In 2005, the World Intellectual Property Organization (WIPO) held a conference calling for stricter intellectual property enforcement within the fashion industry to better protect small and medium businesses and promote competitiveness within the textile and clothing industries.
Wikimedia Commons has media related to: Fashion
History of fashion design
History of western fashion
List of fashion designers
List of fashion topics
Red carpet fashion
^ Fashion (2012, March 29). Wwd. (n.d.). Retrieved from http://www.wwd.com/fashion-news.
^ For a discussion of the use of the terms "fashion", "dress", "clothing", and "costume" by professionals in various disciplines, see Valerie Cumming, Understanding Fashion History, "Introduction", Costume & Fashion Press, 2004, ISBN 0-89676-253-X
^ Braudel, 312–3
^ Timothy Brook: "The Confusions of Pleasure: Commerce and Culture in Ming China" (University of California Press 1999); this has a whole section on fashion.
^ al-Hassani, Woodcok and Saoud (2004), 'Muslim Heritage in Our World', FSTC publisinhg, pp. 38–9
^ Terrasse, H. (1958) 'Islam d'Espagne' une rencontre de l'Orient et de l'Occident", Librairie Plon, Paris, pp. 52–53.
^ Josef W. Meri & Jere L. Bacharach (2006). Medieval Islamic Civilization: A–K. Taylor & Francis. p. 162. ISBN 0-415-96691-4.
^ Laver, James: The Concise History of Costume and Fashion, Abrams, 1979, p. 62
^ Braudel, 317
^ Braudel, 317–24
^ Braudel, 313–15
^ Braudel, 317–21
^ Thornton, Peter. Baroque and Rococo Silks.
^ James Laver and Fernand Braudel, ops cit
^ Lemire, B., & Riello, G (2008). EAST & WEST: TEXTIES AND FASHION IN EARLY MODERN EUROPE. Journal of Social History, 41(4), 887-916.
^ "Eastern Fashion Zing: Rich Oriental and Indian cultures transform western style". Faze Magazine. Fazeteen.com. Retrieved 2012-06-03.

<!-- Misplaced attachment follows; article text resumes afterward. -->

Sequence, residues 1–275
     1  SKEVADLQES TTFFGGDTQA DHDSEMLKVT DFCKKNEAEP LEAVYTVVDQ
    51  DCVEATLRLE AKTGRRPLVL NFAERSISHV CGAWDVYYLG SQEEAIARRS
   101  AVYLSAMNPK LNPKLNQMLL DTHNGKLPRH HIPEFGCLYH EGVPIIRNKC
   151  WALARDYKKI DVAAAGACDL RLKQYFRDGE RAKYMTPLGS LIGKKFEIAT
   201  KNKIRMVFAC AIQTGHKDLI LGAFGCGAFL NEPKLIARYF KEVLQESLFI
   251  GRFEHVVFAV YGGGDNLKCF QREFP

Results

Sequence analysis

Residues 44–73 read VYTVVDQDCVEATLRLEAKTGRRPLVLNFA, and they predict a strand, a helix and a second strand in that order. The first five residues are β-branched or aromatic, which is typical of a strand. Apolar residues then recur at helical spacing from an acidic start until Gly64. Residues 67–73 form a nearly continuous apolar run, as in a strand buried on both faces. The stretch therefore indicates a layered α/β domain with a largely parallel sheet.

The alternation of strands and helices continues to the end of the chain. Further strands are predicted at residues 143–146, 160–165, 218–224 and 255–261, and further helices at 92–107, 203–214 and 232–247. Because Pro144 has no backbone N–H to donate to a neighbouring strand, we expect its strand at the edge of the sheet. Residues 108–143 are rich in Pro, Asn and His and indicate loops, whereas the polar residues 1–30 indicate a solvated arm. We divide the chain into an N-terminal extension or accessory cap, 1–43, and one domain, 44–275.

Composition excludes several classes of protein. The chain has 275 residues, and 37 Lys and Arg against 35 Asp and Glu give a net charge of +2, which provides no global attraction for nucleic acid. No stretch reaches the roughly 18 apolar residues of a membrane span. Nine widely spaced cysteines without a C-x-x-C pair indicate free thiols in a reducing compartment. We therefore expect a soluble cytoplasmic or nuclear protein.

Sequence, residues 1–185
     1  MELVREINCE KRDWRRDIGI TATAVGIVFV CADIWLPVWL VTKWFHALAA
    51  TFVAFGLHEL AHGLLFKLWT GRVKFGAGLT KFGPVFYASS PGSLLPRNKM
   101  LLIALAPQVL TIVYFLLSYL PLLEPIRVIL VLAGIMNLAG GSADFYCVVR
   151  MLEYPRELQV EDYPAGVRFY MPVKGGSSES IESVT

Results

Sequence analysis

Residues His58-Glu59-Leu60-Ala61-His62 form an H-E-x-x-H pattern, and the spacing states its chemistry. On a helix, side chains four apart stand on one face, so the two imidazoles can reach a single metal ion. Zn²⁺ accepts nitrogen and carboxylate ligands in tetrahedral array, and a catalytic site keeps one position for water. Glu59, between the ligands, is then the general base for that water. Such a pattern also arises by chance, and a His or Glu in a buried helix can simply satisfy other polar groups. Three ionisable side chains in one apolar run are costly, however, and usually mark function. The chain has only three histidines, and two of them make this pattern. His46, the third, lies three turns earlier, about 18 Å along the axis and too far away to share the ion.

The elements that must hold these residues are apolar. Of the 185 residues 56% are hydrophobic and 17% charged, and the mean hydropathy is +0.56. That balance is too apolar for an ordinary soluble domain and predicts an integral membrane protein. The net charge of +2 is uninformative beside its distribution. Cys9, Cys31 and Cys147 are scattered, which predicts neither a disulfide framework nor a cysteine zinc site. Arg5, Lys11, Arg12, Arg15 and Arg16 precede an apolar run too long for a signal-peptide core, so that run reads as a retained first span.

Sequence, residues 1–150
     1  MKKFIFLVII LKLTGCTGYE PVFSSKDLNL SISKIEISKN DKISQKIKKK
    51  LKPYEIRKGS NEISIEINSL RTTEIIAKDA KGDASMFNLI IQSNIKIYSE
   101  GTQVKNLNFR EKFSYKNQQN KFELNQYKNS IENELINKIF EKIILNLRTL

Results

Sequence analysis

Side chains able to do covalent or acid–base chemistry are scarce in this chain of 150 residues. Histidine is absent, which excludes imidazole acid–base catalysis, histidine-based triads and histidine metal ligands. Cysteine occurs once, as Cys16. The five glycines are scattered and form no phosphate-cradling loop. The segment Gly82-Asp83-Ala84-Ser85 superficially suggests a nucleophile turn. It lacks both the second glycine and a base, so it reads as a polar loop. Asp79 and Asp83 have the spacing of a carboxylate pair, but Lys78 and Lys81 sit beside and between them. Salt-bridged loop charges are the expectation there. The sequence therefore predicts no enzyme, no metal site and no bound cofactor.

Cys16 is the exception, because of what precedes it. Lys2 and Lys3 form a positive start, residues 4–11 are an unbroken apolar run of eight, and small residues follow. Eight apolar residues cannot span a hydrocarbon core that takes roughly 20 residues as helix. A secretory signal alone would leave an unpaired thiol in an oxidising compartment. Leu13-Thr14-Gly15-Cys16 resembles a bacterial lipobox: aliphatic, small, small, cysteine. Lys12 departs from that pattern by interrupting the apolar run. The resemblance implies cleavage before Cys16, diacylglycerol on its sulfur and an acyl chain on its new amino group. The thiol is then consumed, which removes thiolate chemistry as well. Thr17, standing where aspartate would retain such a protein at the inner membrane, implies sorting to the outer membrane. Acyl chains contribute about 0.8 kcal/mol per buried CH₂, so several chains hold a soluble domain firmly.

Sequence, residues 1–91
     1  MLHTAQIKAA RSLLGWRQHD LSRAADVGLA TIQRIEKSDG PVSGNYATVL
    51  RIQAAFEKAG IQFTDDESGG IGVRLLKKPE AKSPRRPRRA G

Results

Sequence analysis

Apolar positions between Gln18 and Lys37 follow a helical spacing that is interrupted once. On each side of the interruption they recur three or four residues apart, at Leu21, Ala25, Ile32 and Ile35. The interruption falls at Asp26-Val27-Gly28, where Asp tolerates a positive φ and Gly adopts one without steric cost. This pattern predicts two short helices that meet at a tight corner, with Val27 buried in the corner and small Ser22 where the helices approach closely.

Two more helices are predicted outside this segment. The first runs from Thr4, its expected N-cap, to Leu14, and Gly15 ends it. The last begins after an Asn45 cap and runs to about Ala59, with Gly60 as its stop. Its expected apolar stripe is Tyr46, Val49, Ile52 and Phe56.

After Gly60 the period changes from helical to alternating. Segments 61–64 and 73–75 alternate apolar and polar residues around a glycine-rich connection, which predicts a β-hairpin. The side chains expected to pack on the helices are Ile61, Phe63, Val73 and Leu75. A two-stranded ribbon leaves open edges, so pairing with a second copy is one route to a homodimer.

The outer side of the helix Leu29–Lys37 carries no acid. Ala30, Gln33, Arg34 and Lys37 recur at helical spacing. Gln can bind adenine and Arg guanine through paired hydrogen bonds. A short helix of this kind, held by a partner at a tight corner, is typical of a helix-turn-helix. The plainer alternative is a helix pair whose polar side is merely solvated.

^ Fashion (2012, March 29). Wwd. (n.d.). Retrieved from http://www.wwd.com/fashion-news
^ Tax, Genevieve. (2010-02-24) Fashion's Own Sense of Season. The New Islander. Retrieved on 2011-06-29.
^ IPFrontline.com: Intellectual Property in Fashion Industry, WIPO press release, December 2, 2005
^ INSME announcement: WIPO-Italy International Symposium, 30 November – 2 December 2005
Braudel, Fernand Civilization and Capitalism, 15th–18th Centuries, Vol 1: The Structures of Everyday Life," William Collins & Sons, London 1981 ISBN 0-520-08114-5
Breward, Christopher, The culture of fashion: a new history of fashionable dress, Manchester: Manchester University Press, 2003, ISBN 978-0-7190-4125-9
Cumming, Valerie: Understanding Fashion History, Costume & Fashion Press, 2004, ISBN 0-89676-253-X
Hollander, Anne, Seeing through clothes, Berkeley: University of California Press, 1993, ISBN 978-0-520-08231-1
Hollander, Anne, Sex and suits: the evolution of modern dress, New York: Knopf, 1994, ISBN 978-0-679-43096-4
Hollander, Anne, Feeding the eye: essays, New York: Farrar, Straus, and Giroux, 1999, ISBN 978-0-374-28201-1
Hollander, Anne, Fabric of vision: dress and drapery in painting, London: National Gallery, 2002, ISBN 978-0-300-09419-0
Kawamura, Yuniya, Fashion-ology: an introduction to Fashion Studies, Oxford and New York: Berg, 2005, ISBN 1-85973-814-1
Lipovetsky, Gilles (translated by Catherine Porter), The empire of fashion: dressing modern democracy, Woodstock: Princeton University Press, 2002, ISBN 978-0-691-10262-7
McDermott, Kathleen, Style for all: why fashion, invented by kings, now belongs to all of us (An illustrated history), 2010, ISBN 978-0-557-51917-0 — Many hand-drawn color illustrations, extensive annotated bibliography and reading guide
Perrot, Philippe (translated by Richard Bienvenu), Fashioning the bourgeoisie: a history of clothing in the nineteenth century, Princeton NJ: Princeton University Press, 1994, ISBN 978-0-691-00081-7
Steele, Valerie, Paris fashion: a cultural history, (2. ed., rev. and updated), Oxford: Berg, 1998, ISBN 978-1-85973-973-0
Steele, Valerie, Fifty years of fashion: new look to now, New Haven: Yale University Press, 2000, ISBN 978-0-300-08738-3
Steele, Valerie, Encyclopedia of clothing and fashion, Detroit: Thomson Gale, 2005
Look up fashion in Wiktionary, the free dictionary.
Fashion at the Open Directory Project